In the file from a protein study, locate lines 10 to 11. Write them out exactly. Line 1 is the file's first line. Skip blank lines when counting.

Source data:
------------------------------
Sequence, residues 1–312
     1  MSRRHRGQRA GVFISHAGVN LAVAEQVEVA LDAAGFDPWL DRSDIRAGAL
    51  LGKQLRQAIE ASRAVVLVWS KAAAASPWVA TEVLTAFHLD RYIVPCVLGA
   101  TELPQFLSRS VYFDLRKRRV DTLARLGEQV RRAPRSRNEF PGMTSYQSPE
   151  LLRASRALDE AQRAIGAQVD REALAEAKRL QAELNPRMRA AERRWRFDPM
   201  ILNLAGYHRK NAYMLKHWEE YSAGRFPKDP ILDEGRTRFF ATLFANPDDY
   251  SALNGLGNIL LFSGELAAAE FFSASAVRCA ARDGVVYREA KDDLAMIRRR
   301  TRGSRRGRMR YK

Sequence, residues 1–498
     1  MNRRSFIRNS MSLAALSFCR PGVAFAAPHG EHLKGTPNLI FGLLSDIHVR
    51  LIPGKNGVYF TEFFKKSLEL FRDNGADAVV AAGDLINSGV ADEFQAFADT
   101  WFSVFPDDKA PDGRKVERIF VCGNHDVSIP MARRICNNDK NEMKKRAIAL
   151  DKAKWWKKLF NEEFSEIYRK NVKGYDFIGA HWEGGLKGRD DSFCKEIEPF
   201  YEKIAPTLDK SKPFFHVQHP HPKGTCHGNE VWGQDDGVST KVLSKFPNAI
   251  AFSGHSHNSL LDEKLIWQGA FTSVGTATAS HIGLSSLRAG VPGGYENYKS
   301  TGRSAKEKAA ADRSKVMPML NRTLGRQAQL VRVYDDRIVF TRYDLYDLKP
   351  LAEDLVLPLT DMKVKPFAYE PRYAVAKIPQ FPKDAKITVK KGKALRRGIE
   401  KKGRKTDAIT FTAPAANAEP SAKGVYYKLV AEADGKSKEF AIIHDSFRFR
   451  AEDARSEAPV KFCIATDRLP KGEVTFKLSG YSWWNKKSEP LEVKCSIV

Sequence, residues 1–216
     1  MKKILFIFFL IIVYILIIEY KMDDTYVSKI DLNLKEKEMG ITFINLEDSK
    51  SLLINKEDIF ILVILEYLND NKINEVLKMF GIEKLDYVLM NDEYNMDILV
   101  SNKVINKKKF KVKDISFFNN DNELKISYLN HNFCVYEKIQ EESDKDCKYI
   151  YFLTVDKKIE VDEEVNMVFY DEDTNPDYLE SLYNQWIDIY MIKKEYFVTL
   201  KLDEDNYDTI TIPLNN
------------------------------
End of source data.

     1  MNRRSFIRNS MSLAALSFCR PGVAFAAPHG EHLKGTPNLI FGLLSDIHVR
    51  LIPGKNGVYF TEFFKKSLEL FRDNGADAVV AAGDLINSGV ADEFQAFADT